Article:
A researcher discovered that smart cars stay connected with devices long after they’re sold
IBM researcher Charles Henderson can still control a car he sold several years ago from his phone. He can see where it is at any time he chooses, which made him wonder if cars from other manufacturers had similar blind spots. He decided to find out.
Technology in the car is nothing new–various AI systems integrate into your vehicle, you can listen to music almost anyway you choose, Volvo will even deliver fuel. But the ability to access a vehicle after you’ve given up ownership is concerning.
Henderson, whose story was published originally on CNN, doesn’t name the manufacturer of his car nor the others he tested, but the specifics of his research may not be as important as the implication of his results. Each of the cars tested had the same flaws, meaning a large percentage of cars being driven today are susceptible to significant privacy invasions.
Henderson told CNN that this happens because the car is smart–just not that smart. It knows enough to interact with the owner in various ways, but it doesn’t know who the owner is and that it has been resold. There isn’t anything on the dashboard to alert you to the fact that people have access to the car, let alone those specific people’s names.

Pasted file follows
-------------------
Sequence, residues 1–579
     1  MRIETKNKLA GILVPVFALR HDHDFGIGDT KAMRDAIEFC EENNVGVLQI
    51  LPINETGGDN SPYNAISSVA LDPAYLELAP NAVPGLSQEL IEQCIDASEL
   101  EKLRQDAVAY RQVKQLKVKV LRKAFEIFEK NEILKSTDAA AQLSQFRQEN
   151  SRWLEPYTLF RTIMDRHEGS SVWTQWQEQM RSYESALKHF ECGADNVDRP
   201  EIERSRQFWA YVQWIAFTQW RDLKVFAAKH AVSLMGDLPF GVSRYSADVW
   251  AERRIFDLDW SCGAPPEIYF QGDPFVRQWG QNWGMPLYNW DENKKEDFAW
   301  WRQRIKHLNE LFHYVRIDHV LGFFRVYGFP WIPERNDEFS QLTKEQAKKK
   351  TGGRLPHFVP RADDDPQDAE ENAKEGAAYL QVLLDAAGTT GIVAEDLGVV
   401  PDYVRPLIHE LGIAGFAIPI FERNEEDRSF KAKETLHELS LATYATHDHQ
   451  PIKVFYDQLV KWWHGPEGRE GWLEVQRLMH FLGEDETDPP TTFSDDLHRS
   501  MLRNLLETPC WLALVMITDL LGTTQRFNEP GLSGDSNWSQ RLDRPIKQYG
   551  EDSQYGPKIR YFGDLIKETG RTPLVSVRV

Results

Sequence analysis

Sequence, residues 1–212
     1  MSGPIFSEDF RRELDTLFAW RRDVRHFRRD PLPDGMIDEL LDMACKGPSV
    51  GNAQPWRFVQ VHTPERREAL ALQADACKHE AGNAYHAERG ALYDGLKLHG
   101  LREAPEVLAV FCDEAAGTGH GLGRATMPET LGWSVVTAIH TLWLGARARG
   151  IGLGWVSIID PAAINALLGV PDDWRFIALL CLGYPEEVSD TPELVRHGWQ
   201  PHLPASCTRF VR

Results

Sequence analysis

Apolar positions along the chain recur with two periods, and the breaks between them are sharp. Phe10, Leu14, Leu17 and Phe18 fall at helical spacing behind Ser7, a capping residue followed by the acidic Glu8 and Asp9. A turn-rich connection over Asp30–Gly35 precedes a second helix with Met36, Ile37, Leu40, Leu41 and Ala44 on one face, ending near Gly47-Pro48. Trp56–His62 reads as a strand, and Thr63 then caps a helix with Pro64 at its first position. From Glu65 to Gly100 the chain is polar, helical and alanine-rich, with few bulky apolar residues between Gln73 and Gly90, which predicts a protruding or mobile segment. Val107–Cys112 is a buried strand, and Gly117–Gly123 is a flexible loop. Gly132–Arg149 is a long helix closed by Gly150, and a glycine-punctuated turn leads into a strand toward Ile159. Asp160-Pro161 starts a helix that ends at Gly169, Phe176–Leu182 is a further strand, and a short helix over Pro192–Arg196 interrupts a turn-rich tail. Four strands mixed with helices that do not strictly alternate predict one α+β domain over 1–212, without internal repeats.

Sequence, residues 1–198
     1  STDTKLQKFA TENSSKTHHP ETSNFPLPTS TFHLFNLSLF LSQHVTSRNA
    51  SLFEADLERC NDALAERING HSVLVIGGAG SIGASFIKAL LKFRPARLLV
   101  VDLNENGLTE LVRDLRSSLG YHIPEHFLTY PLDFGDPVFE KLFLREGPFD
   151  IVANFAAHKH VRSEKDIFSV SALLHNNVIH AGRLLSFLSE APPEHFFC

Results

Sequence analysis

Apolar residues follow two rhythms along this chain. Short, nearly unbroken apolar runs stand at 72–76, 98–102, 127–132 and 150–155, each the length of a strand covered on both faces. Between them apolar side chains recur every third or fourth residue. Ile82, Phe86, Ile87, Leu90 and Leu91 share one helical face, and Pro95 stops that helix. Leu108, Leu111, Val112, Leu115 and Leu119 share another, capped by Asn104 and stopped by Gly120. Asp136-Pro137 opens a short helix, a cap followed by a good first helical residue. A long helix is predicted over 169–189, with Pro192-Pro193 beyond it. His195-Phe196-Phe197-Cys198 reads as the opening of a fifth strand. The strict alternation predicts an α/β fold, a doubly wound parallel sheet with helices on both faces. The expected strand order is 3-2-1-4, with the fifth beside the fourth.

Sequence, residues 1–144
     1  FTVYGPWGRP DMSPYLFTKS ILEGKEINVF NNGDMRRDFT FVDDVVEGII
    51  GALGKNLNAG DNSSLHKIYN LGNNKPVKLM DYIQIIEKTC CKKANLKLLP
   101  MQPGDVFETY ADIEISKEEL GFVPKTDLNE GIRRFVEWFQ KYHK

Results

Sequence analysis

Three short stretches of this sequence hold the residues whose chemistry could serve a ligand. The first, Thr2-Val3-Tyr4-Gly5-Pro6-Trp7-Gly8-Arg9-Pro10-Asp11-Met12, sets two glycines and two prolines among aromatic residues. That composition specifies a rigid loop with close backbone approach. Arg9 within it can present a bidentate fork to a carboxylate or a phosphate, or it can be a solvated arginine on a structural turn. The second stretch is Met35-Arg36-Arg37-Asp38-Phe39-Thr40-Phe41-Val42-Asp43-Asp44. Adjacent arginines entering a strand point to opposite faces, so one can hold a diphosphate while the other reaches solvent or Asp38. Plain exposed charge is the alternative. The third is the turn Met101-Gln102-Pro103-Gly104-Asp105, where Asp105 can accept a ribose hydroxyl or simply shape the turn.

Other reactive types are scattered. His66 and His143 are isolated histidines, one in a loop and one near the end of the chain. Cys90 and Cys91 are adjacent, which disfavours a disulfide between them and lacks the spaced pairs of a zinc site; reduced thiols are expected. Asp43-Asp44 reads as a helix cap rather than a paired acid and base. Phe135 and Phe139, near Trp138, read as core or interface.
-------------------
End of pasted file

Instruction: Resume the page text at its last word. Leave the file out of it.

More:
Henderson, on Friday at the RSA security conference in San Francisco explained that manufacturers create apps that control smart cars, doing things like unlocking your vehicle, honking the horn, etc. Though Henderson removed his information from services in the car before he sold it back to the dealership, he could control it through the associated mobile app for years following the sale.
Research revealed that a factory reset doesn’t even disallow this from happening. Henderson says that only authorized dealerships can see which devices have access to the car–and then they have to be manually removed.
Henderson warns that it isn’t as simple as allowing vehicle owners to revoke access to devices themselves because people with bad intentions could revoke owner access by removing their device. He suggests a system requiring owner authentication, but says that companies are hesitant about owners using a system correctly.
While most people probably aren’t interested in knowing the location of their old cars, it could be an easy way for criminals to gain access to victims. The potential for malicious behavior is high.
Henderson suggests the users of technology check “user management” functions on their devices to see who has access. What your options are after that though are to be determined.